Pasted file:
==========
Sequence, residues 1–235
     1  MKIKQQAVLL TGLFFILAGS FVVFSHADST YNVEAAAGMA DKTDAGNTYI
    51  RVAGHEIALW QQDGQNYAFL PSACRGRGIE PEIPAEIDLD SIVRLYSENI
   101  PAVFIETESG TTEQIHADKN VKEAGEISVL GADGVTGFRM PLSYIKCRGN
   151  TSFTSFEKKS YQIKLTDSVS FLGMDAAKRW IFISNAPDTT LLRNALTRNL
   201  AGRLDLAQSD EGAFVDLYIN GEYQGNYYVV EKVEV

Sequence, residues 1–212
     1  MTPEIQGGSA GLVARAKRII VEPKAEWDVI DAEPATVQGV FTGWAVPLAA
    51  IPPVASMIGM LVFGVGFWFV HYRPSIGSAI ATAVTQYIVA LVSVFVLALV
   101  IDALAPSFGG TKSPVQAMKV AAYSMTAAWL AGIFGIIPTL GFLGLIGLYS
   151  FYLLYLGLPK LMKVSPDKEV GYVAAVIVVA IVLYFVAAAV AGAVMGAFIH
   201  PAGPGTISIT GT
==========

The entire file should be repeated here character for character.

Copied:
Sequence, residues 1–235
     1  MKIKQQAVLL TGLFFILAGS FVVFSHADST YNVEAAAGMA DKTDAGNTYI
    51  RVAGHEIALW QQDGQNYAFL PSACRGRGIE PEIPAEIDLD SIVRLYSENI
   101  PAVFIETESG TTEQIHADKN VKEAGEISVL GADGVTGFRM PLSYIKCRGN
   151  TSFTSFEKKS YQIKLTDSVS FLGMDAAKRW IFISNAPDTT LLRNALTRNL
   201  AGRLDLAQSD EGAFVDLYIN GEYQGNYYVV EKVEV

Sequence, residues 1–212
     1  MTPEIQGGSA GLVARAKRII VEPKAEWDVI DAEPATVQGV FTGWAVPLAA
    51  IPPVASMIGM LVFGVGFWFV HYRPSIGSAI ATAVTQYIVA LVSVFVLALV
   101  IDALAPSFGG TKSPVQAMKV AAYSMTAAWL AGIFGIIPTL GFLGLIGLYS
   151  FYLLYLGLPK LMKVSPDKEV GYVAAVIVVA IVLYFVAAAV AGAVMGAFIH
   201  PAGPGTISIT GT